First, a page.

The toughest part about making a movie is, well, everything. You need a good story. Someone has to make that story into a decent script. Actors have to bring the script to life. A director has to realize the world the actors inhabit, giving the movie its shape and style. A host of people bring that director’s vision to fruition. There’s editing, effects, sound, score, and that doesn’t even get to distribution and marketing and how much fizzy sugar water is this all going to sell anyway. Making movies is hard, and every one that gets done is a minor miracle.
That puts CineCoup in the minor miracle business. Founded by J. Joly and Brian Wideen in May of 2012, the CineCoup Film Accelerator is a new model for filmmaking. They decided to put the power in social media, and let people decide where their tastes lie, before the film actually gets made. Trailers are what open the doors. This past weekend, CineCoup opened the curtain on ninety-one trailers from indie filmmakers across Canada. They run the gamut from comedy to drama to horror to sci-fi. Each one is two-minutes of first impression, to make you want to see a movie that hasn’t even been made. By leveraging Facebook, Twitter and the like, these scrappy teams can duke it out for fans, and CineCoup gets to see what plays with a bunch of different audiences. Over three months and through weekly media exercises, the teams will build on their feature ideas, and CineCoup will relentlessly narrow the field, à la American Idol. The winning team gets a million dollars toward the production of their film, backed by Cineplex Odeon. Not Avengers money, but enough to get a good little indie film really rolling.
I didn’t expect to be pulled into the tow of a new Canadian film contest. I’m more a musician, though I’ve written a few short films and an unproduced TV pilot over the years. But my director pal Paul Thompson called me up with his vision for a horror thriller called Starkers, and my “what the hell” instincts kicked in. A frenzied three weeks followed, bashing out trailer ideas and trying to get some kind of coherent story together, while Paul and his producer Ricky Jang assembled cast and crew for a breakneck shoot. Locations dropped out, perturbed by the captivity story Paul wanted to tell. Crew was called away on paying gigs. As the deadline got closer and closer, I was certain this crazy two-minute movie was going off the rails. The team wrapped shooting a scant two days before the finished teaser had to be submitted, sending Paul into the waking coma known as editing hell. But he got it done. And that’s what a contest like this is all about. This one’s for the guerilla finishers.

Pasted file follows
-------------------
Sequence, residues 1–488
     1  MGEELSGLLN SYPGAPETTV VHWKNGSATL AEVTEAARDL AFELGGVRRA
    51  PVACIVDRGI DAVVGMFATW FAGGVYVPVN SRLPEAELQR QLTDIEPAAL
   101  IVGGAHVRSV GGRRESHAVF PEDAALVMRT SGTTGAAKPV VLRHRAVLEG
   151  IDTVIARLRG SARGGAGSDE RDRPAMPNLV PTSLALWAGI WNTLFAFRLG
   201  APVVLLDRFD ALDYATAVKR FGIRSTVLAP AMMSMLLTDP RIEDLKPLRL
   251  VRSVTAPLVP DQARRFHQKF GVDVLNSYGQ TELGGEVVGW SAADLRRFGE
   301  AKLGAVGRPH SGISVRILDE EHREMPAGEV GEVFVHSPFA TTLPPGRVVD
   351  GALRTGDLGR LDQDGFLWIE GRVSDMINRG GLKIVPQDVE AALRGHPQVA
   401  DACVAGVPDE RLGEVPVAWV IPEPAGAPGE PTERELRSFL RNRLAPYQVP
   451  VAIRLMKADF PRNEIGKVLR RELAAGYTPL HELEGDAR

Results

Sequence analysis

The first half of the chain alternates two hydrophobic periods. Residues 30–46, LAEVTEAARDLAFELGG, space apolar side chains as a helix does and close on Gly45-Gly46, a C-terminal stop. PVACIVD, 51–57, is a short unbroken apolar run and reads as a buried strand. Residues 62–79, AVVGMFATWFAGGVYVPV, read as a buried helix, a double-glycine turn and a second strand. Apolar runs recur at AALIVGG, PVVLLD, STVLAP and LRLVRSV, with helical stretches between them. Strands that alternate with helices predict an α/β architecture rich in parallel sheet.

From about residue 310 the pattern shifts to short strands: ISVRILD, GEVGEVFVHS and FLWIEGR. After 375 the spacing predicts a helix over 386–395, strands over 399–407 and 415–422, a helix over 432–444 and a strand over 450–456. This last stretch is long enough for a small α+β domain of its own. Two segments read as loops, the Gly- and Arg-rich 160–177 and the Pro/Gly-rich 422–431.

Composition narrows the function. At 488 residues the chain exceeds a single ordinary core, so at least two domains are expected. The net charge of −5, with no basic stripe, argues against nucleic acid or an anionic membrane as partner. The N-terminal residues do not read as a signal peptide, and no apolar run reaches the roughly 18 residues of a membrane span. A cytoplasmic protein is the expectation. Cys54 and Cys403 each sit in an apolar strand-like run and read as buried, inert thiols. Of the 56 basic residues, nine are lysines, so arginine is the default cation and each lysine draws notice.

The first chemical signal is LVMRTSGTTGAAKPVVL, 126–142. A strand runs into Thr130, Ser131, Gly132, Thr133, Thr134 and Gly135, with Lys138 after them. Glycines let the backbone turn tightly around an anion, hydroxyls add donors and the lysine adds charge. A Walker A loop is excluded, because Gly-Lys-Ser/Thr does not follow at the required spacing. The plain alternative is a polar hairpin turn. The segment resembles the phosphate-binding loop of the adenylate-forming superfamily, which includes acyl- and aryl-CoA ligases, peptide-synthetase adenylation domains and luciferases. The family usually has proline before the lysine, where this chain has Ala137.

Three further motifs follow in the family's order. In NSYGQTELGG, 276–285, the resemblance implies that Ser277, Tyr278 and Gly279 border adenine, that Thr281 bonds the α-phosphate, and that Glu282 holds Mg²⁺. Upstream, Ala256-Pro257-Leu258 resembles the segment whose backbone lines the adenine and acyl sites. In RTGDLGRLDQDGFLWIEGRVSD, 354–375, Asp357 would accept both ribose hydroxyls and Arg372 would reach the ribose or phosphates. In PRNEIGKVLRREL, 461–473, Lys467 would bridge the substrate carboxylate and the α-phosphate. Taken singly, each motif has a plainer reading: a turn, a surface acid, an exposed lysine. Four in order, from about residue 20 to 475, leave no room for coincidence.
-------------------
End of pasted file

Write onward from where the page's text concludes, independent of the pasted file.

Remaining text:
Now the trailers are live, and already it’s cage-match snippet cinema. Here’s a few of the teasers that are swapping top spots like seventies swingers on a weekend bender:
• Grade Nine, a quirky dramedy about a violent small town high school in 1989, where a geeky teen and his comrades navigate the complexities of violence, friendship and Dungeons & Dragons.
• Long Distance, a wry romance about an art director and a stand-up comic who fall in love online and struggle to overcome the 338-mile distance that consumes them.
• Uprising, a post-apocalyptic sci-fi movie where a group of young men fight to protect their meager colony from the totalitarian society that excluded them.
• Interstate 90, a slick action thriller about an ex-enforcer sent to Boston to settle an old score, while he’s hunted by a man known only as The Frenchman.
• Bad, a crime-gone-wrong movie about a brother and sister with no other way to survive.
Some are a little rough around the edges, for sure. Some are surprisingly slick. There’s great energy here, and watching gives you a window onto the leading edge of Canadian filmmaking. Even in the horror genre, my team’s effort Starkers is in with edgy and entertaining company:
• Van Gore, the world’s first post mortem artist, who paints with his victims’ blood.
• Wolf Cop, pretty much exactly how it sounds.
• Starkers, a creepy thriller about a mother leaving the porn industry behind, while a psychotic fan has other plans.
• Slay to Rest, about a metal band that loses their lead singer to vampirism.
The regional coverage showcases the talent all over Canada, too, with hotbeds in Vancouver and Edmonton vying against the production hub of Toronto.
The CineCoup contest runs for the next fifteen weeks. Each team will be given weekly exercises to flesh out their feature idea and build an audience. The competition and voting is already getting heated. I’m not sure what to expect, but I bet it’s full of hectic, insane fun. There’s bloodsport in the weeks ahead to watch, and anyone can help choose who gets CineCoup’s first million-dollar green-light. If you ever wanted to be a big shark film exec, deciding the fate of artists and hacks, this is your chance. Just don’t wait around for a parking space on the lot.
[Luke Sneyd will return with bi-weekly updates as the Starkers team busts its collective ass in CineCoup’s feature-funding challenge.]